The Fashion Spot's biannual review can often seem dismal — despite advances in plus-size activism on the runway, more people of color, and more trans folks, fashion weeks are still overwhelmingly skinny, white, and cis. But this year, TFS reported the 2017 spring fashion week runways were among the most diverse in history.

Not only did TFS report that people of color made up one-fourth of models (!!!), but the report indicates trans models made up 0.11 percent of runway castings. That works out to 10 appearances out of 8,832 model appearances and 299 shows. A small number, but according to TFS, it's "a slight increase from the Fall 2016 season, which saw eight transgender model castings in total and double the prior season, which saw five."

Four of those models walked for architectural athleticwear brand Chromat: Carmen Carrera, Leyna Bloom, Maya Monès and Aurel Haize Odogbo.

In an interview with Refinery 29, Chromat designer Becca McCharen said, "I've been a big fan of Carmen Carrera, our show-opener, ever since seeing her on RuPaul's Drag Race, which is my wife Christine and my favorite show. It was also her first NYFW runway show. And of course, our show closer, Leyna [Bloom] always brings the drama to the catwalk! She has amazing energy and really knows how to work the runway. They both happen to be transgender women and we cast them for their confident walks and of course their charisma, uniqueness, nerve, and talent."

6. Valentina Sampaio Rocks A Swimsuit On ELLE Brazil Cover

19-year-old Valentina Sampaio stepped into the spotlight on International Women's Day 2016, when she came out as trans in a heartwarming L'Oreal Paris video. Sampaio, who is a spokeswoman for L'Oreal, then went on to land ELLE Brazil's November Cover, and as you can see, she totally, utterly slays in her sapphire number.

In her coming-out video, she goes through her beauty routine to prep for her new ID photo. In a voiceover, she says, "I love being a woman. It's great when you accept yourself, love yourself...when you know that you're worth it."

Sampaio is the second trans model to cover ELLE Brazil , after Lea T. covered in 2011. Her career is just taking off, so we expect to see her pretty much everywhere soon.

7. The 2016 Queen USA Trans Beauty Pageant

October's Queen USA Trans Beauty Pageant came on the heels of trans woman Jenna Talackova's forced removal from Miss Universe Canada in September. Talackova's situation makes it clear that the pageant world needs to get its head in the game and recognize that trans women are women — no exceptions.

While cisgender folks continue to rule the pageant world, transgender people have carved out a place to celebrate trans beauty: At Queen USA, trans contestants are celebrated. The pageant is part of TransNation Festival, which "endeavors to uplift, educate, and galvanize the transgender community and general public and raise funds for this underserved population," according to the festival's website.

While Queen USA has been running annually since 2001, this was the pageant's first year with a mainstream venue, which signals good things for its future.

In an interview with VICE, contestant Miss California explained her reasoning for entering the pageant: "I was alone, and I felt so lost, and there was no one really out there as a source of inspiration. I'm doing this because I know there are people in harder situations and harder circumstances than I ever did in my entire life, and I want to be there as a source of inspiration to them."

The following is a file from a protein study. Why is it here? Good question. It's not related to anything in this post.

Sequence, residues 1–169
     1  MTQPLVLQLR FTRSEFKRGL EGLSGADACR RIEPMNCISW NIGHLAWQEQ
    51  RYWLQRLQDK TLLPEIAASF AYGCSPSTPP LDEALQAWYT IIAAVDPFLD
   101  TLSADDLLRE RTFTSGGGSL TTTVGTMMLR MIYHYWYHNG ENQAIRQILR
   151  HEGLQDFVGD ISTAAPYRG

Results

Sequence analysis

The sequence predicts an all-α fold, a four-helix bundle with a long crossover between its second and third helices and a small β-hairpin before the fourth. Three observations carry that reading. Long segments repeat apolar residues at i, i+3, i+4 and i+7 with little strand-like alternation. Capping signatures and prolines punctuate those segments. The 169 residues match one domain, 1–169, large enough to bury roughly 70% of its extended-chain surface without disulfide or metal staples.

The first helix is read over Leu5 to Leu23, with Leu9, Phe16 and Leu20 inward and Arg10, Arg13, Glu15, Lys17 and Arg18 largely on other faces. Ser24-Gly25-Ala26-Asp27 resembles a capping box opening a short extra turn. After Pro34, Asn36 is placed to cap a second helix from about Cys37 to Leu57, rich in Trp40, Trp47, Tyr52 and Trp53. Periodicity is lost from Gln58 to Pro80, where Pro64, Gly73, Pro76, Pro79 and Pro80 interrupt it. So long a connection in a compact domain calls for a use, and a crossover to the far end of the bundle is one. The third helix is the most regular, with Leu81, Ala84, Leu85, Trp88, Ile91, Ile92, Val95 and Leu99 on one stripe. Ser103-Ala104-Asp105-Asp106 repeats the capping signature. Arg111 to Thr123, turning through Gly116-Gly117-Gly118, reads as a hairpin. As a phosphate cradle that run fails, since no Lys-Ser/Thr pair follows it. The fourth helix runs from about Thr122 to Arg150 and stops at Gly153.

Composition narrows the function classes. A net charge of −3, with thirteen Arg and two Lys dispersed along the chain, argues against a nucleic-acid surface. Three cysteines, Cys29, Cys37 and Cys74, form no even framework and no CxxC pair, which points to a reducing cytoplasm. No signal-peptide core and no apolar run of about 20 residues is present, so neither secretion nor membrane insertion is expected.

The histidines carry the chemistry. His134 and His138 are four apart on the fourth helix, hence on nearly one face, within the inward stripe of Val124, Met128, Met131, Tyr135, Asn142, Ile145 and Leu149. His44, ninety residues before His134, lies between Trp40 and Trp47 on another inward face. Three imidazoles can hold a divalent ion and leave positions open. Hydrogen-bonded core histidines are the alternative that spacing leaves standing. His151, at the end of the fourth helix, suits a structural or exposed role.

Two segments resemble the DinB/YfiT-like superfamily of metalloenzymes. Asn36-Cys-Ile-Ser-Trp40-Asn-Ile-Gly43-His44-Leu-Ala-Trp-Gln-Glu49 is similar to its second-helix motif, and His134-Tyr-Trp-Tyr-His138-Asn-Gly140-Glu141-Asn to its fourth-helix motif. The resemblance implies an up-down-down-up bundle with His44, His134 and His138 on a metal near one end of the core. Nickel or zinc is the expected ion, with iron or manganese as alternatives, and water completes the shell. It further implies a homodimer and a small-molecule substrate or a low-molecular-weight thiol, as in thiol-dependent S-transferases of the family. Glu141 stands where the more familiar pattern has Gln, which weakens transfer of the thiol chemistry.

8. FLAVNT Streetwear Launches Its Bareskin Swim Binder

Transgender activists have long been trying to move away from the singular medical transition narrative — the one that says people are either male-to-female or female-to-male, and that transition inevitably involves surgery. When FLAVNT Streetwear launched its Bareskin Binder in October, the brand provided a comfortable "topless" swim option for trans folks who don't want top surgery.

Using a Kickstarter campaign, FLAVNT raised $26,476 for the Bareskin Binder's production, and the product officially launched on Oct. 31.

In the crowdfunding campaign's description, FLAVNT said of the binder, "We've combined the silhouette of a traditional half binder and compression sports bra to create a comfortable top that binds but still lets you get a tan and feel closer to being shirtless than anything else out there. We plan to offer this top in a range of skin tones so that the wearer can have a passably topless masculine aesthetic, this is less visually triggering than wearing a bikini top, sports bra, binder, or shirt and allows for more confidence and comfort."

The Bareskin Binder retails for $50, and is currently available in four skin tones: Rose, sand, copper, and umber.

9. Trans Model & Activist Kami Sid Landed Her First Shoot

Kami Sid, a Pakistani trans woman and outspoken activist who was featured in the documentary How Gay Is Pakistan? , landed a headline position in stylist Waqar J Khan's newest photo shoot as Pakistan's first transgender model.

Khan collaborated with make-up artist Nighat Misbah and photographer Haseeb M Siddiqi to capture stunning images of Sid.

In How Gay Is Pakistan?, BBC filmmakers chronicled the struggles of LGBTQ folks living in Pakistan, where homosexuality is outlawed, with a punishment of imprisonment. Unlike in the U.S., where gender affirmation surgeries are totally optional, in Pakistan, changing your legal gender requires surgery.

In an interview with Behtareen, Sid said, "You gain strength, courage and confidence by every experience in which you really stop to look fear in the face. You are able to say to yourself, if I lived through this, I can take the next thing that comes along."

As an out trans woman, Sid is likely to face stark discrimination — but her bravery and determination to be visible, not silent, is something we can all learn from as we head into a politically uncertain year which may have a marked effect on transgender folks around the world.

While social progress can often feel like taking one infinitesimally small step at a time, looking at what trans folks accomplished this year gives me hope. As opposition to non-gender normative people ramps up, we all should remember to celebrate the strides trans folks made this year, and to look forward to what will be accomplished in the future.

Images: Courtesy Brands; Marie Claire; Oxygen; ELLE; FLAVNT